by Matt Ritchey

Amanda the Barbarian the character, wants to fuck with your world. Amanda the Barbarian the play, wants to fuck with the way you watch theater.

Scott Langer’s Fringe premiere at The Complex Hollywood attempts to blur the line between stage and reality by creating a story of a “superstar in her own head” actress with no time for rules – professional or otherwise.

Amanda (Kristin Walker) is rehearsing a new play with an unfortunate co-star (Langer) who scrambles to get the story back on track when Amanda decides to improv things to keep her own interest. This relationship quickly bleeds into their real lives, with Amanda titillating and confusing both her co-star and her current girlfriend (Frankie Jarvis). Throughout it all, her director (Richard Reich) is derided and dismissed to the point of interrupting his own opening night and barging onstage.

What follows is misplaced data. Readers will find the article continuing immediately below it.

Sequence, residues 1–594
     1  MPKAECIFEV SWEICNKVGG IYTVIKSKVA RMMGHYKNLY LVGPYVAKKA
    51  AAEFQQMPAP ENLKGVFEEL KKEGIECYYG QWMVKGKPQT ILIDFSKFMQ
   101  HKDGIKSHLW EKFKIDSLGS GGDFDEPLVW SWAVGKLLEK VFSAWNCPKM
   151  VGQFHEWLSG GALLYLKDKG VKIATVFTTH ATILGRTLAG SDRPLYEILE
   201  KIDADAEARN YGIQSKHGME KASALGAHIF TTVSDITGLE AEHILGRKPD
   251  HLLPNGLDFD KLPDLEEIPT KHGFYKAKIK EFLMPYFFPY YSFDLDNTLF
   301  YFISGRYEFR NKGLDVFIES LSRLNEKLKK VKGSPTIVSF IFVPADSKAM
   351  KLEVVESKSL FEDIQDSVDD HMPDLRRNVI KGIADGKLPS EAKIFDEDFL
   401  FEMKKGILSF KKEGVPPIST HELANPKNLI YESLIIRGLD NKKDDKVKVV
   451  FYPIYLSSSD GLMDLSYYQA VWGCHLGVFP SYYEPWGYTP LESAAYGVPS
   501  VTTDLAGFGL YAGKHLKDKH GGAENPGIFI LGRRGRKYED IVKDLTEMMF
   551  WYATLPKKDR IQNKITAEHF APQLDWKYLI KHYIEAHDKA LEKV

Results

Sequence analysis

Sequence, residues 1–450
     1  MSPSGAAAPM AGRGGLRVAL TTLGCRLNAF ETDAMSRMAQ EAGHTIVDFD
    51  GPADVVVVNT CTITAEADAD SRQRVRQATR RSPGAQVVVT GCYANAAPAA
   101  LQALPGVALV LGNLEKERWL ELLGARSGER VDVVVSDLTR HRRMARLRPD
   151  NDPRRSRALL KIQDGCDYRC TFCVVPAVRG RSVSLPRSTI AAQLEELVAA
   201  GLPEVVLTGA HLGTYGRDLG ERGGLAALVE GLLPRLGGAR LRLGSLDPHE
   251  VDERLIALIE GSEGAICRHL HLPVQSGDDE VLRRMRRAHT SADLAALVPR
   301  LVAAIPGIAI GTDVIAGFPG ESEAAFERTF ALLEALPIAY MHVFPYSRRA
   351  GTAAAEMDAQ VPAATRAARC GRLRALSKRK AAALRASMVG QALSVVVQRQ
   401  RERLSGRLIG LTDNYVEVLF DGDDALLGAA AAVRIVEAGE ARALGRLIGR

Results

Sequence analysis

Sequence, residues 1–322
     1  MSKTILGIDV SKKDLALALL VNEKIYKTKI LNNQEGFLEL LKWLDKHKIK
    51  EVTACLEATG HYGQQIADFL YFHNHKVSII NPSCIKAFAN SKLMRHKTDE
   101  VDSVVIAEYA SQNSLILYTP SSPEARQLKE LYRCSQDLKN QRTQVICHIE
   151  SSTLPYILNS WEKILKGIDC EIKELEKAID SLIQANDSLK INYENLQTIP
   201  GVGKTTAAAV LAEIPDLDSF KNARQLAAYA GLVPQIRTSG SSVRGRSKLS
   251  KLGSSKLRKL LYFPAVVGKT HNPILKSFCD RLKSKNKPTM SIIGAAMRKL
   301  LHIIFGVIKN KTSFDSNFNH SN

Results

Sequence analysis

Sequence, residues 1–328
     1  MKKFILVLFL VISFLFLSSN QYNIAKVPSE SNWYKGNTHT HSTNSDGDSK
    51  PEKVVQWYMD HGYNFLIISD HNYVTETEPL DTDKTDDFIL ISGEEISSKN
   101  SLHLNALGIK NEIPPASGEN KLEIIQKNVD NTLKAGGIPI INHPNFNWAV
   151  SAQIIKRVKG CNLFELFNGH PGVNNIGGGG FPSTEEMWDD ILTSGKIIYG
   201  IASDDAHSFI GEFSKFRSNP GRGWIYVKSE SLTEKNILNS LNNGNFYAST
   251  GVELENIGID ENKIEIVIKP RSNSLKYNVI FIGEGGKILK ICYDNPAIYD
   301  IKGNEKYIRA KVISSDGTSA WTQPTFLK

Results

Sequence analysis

The realistic apartment settings work well from a story perspective but take so long to shift between scenes (and with no music to cover the changes) that the show begins to drag after a scene or two. And while Amanda the Barbarian certainly seems like it should be about the titular character, the focus of sympathy was often her co-star, mostly because of what Amanda was putting him through. But the concept of blurring reality and theatre is a strong one that Amanda the Barbarian incorporates in a unique way.

Mixed

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